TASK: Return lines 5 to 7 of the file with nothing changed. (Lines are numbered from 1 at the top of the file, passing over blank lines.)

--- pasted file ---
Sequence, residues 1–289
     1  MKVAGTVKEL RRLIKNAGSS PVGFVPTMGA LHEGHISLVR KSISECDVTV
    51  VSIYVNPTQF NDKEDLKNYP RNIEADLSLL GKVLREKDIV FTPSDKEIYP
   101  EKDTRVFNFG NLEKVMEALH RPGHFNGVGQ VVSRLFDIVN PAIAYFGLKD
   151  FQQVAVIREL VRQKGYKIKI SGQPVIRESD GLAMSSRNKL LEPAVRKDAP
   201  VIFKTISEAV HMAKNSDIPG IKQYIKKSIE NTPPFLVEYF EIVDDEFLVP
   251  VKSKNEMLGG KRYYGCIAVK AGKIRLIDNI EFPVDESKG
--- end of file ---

   151  FQQVAVIREL VRQKGYKIKI SGQPVIRESD GLAMSSRNKL LEPAVRKDAP
   201  VIFKTISEAV HMAKNSDIPG IKQYIKKSIE NTPPFLVEYF EIVDDEFLVP
   251  VKSKNEMLGG KRYYGCIAVK AGKIRLIDNI EFPVDESKG